The Awakening, written by Kate Chopin, tells the story of a woman, Edna Pontellier, who transforms herself from an obedient housewife to a person who, is alive with strength of character and emotions which she no longer has to repress. Playing the role of a wealthy New Orleans housewife, Edna searches for fulfillment in her customary 19 th century life, where the Creole society had high expectations of their women. Even with children, a generous husband, and financial stability, Edna finds herself wanting more from life. In the novel, two women friends of Edna, Adele Ratignole and Mademoiselle Reitz signify her awakening and the consequences of her new found self. Edna was attracted to both women for their prospective connection to the two existences within which Edna struggles to find herself. Adele Ratignolle is Edna's close friend and confidante, but the two women are nothing alike.
Adele is the perfect housewife and mother; she is the epitome of what a Creole woman and mother ought to be. She lives her life for her children, always being sure that they are properly cared for, clothed, and educated. Unlike Adele whose life is fulfilled through loving and caring for her children, Edna is "fond of her children in an uneven, impulsive way" (Chopin, p. 18).
They are not enough to justify her life. Adele could not understand how Edna could say that she "would never sacrifice herself for her children, or for anyone" (Chopin, p. 47). Edna's being is taking on a new importance in her life. She is starting to realize just how important it is to be true to herself. She has never done that before.
She went along with the way things were supposed to be, holding her socials and tending to her house until she became aware that she needed more from her life. The person whom Edna truly admires is Mademoiselle Reitz, who is a brilliant pianist. Her talent is somewhat lost on the other people on the island. The cannot appreciate her artistry, as does Edna because Mademoiselle Reitz does not fit their idea of what a proper woman should be; she is eccentric and bold.
Her music touches Edna to the very core of her being. Something inside her is stirred, and she feels alive like never before in her life. Edna respects Mademoiselle Reitz because she has the courage to be different. It is Mademoiselle's music that starts to "awaken" Edna and allows her to see the beauty and passion in life.
An amazing transformation takes place in Edna throughout the course of a few months. The people with whom she interacts and the culture in which she is submersed play a significant role in her "awakening." Edna is able to break away from the restraining world of Adele in which she will never find her place. Stirred by the magic and intrigue of Mademoiselle Reitz's world, she finds the strength to reach for that, which is real for her, and she allows her true being to shine. In the beginning of her search for herself, Adele was what Edna wished she could be, but knew she could never be. Adele was very beautiful and had an adoring husband and adored her children. It seemed that without them she would cease to exist.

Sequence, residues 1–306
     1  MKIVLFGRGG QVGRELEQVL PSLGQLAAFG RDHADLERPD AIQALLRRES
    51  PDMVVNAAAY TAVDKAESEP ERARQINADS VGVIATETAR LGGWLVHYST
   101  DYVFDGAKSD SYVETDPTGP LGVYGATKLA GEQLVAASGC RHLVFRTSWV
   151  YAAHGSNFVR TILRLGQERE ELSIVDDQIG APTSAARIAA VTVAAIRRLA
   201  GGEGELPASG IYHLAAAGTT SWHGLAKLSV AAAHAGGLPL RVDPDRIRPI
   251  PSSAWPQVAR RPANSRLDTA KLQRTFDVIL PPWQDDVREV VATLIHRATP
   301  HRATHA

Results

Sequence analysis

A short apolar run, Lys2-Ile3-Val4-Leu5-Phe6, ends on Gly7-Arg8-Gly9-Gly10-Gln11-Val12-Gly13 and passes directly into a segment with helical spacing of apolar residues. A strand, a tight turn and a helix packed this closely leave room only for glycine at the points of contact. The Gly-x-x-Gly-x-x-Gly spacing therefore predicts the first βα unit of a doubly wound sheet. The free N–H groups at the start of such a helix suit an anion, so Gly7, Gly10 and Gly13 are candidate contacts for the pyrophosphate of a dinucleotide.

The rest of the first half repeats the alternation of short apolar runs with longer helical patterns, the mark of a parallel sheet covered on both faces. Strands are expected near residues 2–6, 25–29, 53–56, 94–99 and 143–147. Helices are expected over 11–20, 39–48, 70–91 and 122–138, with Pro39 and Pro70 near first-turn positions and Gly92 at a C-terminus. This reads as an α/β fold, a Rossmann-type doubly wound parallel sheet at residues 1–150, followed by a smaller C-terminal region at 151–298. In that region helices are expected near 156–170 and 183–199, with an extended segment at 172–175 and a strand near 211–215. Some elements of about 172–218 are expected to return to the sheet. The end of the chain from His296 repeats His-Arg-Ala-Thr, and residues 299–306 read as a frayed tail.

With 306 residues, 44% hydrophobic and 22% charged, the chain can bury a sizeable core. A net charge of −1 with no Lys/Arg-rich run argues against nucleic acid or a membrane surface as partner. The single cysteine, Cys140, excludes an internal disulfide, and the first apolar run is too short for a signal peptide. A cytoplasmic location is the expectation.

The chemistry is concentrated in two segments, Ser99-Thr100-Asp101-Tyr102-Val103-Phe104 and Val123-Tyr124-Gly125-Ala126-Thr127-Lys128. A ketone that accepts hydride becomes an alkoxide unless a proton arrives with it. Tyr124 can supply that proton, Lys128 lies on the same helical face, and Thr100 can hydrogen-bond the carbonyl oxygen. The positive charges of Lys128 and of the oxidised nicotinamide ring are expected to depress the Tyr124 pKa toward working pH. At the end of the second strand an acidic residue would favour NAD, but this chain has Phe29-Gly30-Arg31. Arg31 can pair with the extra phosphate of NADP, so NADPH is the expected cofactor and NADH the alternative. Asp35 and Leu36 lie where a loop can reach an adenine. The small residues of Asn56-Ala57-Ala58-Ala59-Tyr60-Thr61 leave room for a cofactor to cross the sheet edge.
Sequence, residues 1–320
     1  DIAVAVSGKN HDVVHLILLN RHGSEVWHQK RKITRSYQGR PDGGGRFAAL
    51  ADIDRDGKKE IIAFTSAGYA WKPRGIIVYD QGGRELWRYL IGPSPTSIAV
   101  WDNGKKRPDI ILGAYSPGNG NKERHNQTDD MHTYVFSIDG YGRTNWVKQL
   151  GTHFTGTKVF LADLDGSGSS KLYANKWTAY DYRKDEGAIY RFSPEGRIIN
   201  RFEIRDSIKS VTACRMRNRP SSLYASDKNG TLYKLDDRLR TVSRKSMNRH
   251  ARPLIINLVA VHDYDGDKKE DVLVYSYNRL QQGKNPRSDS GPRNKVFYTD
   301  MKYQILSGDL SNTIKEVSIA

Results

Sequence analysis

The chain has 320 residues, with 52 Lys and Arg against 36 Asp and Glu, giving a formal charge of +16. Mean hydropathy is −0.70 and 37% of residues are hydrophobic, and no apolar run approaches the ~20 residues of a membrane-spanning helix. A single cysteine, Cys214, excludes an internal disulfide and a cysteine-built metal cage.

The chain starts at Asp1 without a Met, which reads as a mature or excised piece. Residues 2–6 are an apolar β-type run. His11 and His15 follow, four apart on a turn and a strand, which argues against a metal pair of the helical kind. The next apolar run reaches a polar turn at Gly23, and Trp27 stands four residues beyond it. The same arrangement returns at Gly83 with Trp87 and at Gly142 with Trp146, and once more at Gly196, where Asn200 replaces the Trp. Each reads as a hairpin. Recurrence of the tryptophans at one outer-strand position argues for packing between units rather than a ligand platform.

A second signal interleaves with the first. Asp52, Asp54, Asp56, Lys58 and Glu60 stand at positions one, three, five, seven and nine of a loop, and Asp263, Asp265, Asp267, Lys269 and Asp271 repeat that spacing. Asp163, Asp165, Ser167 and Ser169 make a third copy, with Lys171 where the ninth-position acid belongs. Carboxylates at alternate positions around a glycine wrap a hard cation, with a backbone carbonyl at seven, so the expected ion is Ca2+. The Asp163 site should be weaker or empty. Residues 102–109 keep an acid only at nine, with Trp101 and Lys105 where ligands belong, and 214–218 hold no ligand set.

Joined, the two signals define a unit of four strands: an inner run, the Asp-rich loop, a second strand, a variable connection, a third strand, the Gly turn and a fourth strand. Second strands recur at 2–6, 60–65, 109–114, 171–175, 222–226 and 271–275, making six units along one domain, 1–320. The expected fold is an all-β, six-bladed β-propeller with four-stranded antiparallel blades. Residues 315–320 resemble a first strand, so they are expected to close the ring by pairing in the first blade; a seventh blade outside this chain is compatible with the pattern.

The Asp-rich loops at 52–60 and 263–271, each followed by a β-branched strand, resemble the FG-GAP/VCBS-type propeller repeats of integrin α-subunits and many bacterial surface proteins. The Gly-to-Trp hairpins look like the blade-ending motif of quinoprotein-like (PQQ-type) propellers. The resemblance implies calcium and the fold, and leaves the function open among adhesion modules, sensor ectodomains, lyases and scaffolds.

At the end, Edna felt sorry for Adele, and goes on to say that she pities her blind contentment and the fact that she will never have a taste of lifes delirium. The lifestyle of Mademoiselle Reitz was similar to the one of which Edna dream for herself. She was a free spirit who did not agree with oppression of women at that time. Mademoiselle Reitz lives in a world in which a woman is her own woman and lives for herself, stands up to the world and insists on having life on her terms. In return for this free lifestyle she was looked upon as being weird and mentally disturbed.
According to the Creole society something was definitely wrong with a woman who did not care what others thought and whom chose her own path in life. In the end, Edna Pontellier discovered a need for a world in between the two extremes of Adele and Mademoiselle Reitz existence. She could become the wife / mother , as Adele personified, or the lonely, bitter artist as Mademoiselle Reitz, but she saw nothing in between. Edna's suicide is a result of her desire not to think of the consequences because those consequences are so unattractive. She does not want to be like Adele or Mademoiselle Reitz. She wants an undefined, unexpressed, ineffable life that she cannot articulate or shape.
Rather than live one of these options, or live a life that society dictates, Edna chooses to live self-forgetfully in the moment. In following this unexpressed creed, Edna knowingly places herself in a position where the consequences of her swimming out are inescapable. 320.